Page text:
Middle, high school students start classes
EAGLE — Nearly 7,000 blessings from heaven head back to Eagle County classrooms this week.
Schools open today for high school freshmen and middle school students. The other high school grades start Friday, and elementary schools open Monday.
Unless you’re a kindergartener, then you’ve enjoyed what some local schools are calling a “soft opening.” Parents and students practice their goodbyes and pickups, speak with their teachers and the kids get balloons.
Hopefully, these friendly events will take the rough edges off the separation between children and parents — mostly parents — for Monday’s first official day.
“For about half the parents, this is their first go at it, the first time their children are going to ‘big kids school,’” said Mitch Forsberg, Gypsum Elementary principal. “It’s harder for the parents than it is for the kids most of the time.”
Forsberg and the Gypsum Elementary staff were resplendent Wednesday in their dark blue polo shirts with the Gypsum Jets logo emblazoned on the front — the official gear for Wednesday afternoon’s ice cream social.
Schools all over the district are hosting ice cream socials this week to introduce kids and parents to teachers and staff.
Some schools are growing, mostly those in the western end of the district.
Gypsum Elementary will welcome 336 students, 27 more than they thought they’d have, Forsberg said.
Eagle Valley High School will be above 900 students, featuring the school’s largest-ever freshman class.
“We’ve been growing about 50 or 60 each year over the last three years,” said Principal Greg Doan, entering his sixth year running Eagle Valley.
This year’s Eagle Valley freshmen class is around 250 students.
The sophomore and junior classes are around 235, and the senior class is about 160. They’ll know for sure when they all show up Friday.
Those 900 students are about all the school can reasonably hold, Doan said.
The school district is expected to ask voters this November to fund more space at some schools and extensive renovations at others. The district will also ask voters for a tax increase to increase teacher and staff pay.
In the meantime, they adapt. Eagle Valley’s staff has done things such as convert a weight lifting room and two computer labs into classrooms.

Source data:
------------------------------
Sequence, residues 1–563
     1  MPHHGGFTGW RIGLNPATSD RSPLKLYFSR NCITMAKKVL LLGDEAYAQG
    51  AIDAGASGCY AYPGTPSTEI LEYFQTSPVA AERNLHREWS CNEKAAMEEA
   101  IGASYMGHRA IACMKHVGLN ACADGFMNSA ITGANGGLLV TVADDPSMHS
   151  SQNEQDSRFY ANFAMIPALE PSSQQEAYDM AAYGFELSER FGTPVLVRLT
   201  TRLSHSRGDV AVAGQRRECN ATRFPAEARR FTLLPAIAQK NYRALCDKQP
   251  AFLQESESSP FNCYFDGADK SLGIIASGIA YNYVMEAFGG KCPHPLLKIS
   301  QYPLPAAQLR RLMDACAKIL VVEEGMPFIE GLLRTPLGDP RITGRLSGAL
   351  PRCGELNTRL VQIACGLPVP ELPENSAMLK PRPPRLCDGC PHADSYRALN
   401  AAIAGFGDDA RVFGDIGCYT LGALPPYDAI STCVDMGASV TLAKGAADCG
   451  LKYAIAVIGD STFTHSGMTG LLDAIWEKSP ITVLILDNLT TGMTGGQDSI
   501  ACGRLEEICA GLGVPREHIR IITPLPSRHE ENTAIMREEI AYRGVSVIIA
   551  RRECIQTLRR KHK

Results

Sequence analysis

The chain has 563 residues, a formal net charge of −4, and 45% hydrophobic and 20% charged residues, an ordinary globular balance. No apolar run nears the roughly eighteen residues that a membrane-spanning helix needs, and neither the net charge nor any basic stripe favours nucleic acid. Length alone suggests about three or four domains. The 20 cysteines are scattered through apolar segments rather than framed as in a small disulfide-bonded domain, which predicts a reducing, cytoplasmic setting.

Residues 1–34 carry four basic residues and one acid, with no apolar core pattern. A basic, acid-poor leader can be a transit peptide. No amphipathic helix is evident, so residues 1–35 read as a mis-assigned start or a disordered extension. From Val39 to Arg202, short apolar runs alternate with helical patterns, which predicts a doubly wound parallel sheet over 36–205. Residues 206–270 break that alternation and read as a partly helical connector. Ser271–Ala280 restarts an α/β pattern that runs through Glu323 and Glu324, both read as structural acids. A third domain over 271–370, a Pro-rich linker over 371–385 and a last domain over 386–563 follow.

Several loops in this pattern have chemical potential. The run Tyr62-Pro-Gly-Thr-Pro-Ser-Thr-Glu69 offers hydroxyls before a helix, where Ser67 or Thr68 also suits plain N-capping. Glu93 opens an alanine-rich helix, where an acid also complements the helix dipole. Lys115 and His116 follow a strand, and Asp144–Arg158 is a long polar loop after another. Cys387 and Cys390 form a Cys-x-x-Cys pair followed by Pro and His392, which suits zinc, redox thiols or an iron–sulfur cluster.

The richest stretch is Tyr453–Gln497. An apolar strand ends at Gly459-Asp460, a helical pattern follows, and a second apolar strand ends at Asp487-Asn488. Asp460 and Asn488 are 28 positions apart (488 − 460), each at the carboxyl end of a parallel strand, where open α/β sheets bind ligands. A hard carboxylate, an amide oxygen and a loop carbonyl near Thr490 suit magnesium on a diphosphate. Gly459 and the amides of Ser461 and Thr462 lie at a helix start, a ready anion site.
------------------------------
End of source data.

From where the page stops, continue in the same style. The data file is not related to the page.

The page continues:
“We’re out of places to convert into classrooms,” Doan said, handing an extra chair to assistant principal Eric Mandeville, so one of those extra blessings from above will have a place to sit while absorbing the wisdom of the ages.
New faces, new places
Change can be hard, or at least hard labor. Eagle Valley’s Chuck Vogel had been in the same classroom for more than two decades, but the Powers That Be decided the social studies classrooms should all be in the same area.
Instead of moving everyone else upstairs, Vogel moved down. He did most of the moving himself, since school hadn’t started Wednesday morning and there were no strapping lads waiting to be liberated from detention to help him.
“No one has gotten uppity yet. Then again, school doesn’t start until tomorrow,” Vogel said, smiling as only a longtime teacher can.
Doan only lost four staff members after the last school year, and hired 13 to accommodate student growth and new programs.
Eagle Valley added a new tech program, STEAM, which is STEM with some right brain thrown in: science, technology, engineering, art and math. Todd Redding will teach that.
To juggle the growing number of students, more kids will have time off during the day, as long as they’re on track for enough credits to graduate, Doan said.
Eagle County Schools Superintendent Jason Glass said, “A new school year always comes with a new sense of optimism and purpose. We expect another record year in terms of enrollment and Eagle County Schools is excited about the future and potential of every one of our students. With so much knowledge at our fingertips, this is the most exciting time to be a kid. And with the many wonderful experiences available in our community, Eagle County is the best place in the world to grow up. For my family, our kids are growing up and going to school here and we couldn’t be more excited to watch them grow and thrive.”
Staff Writer Randy Wyrick can be reached at 970-748-2935 or email@example.com.
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The operating license for Kent Funeral Home in Gypsum has been summarily suspended by the Colorado Department of Regulatory Agencies following an investigation that revealed disturbing conditions at an associated funeral home in Leadville.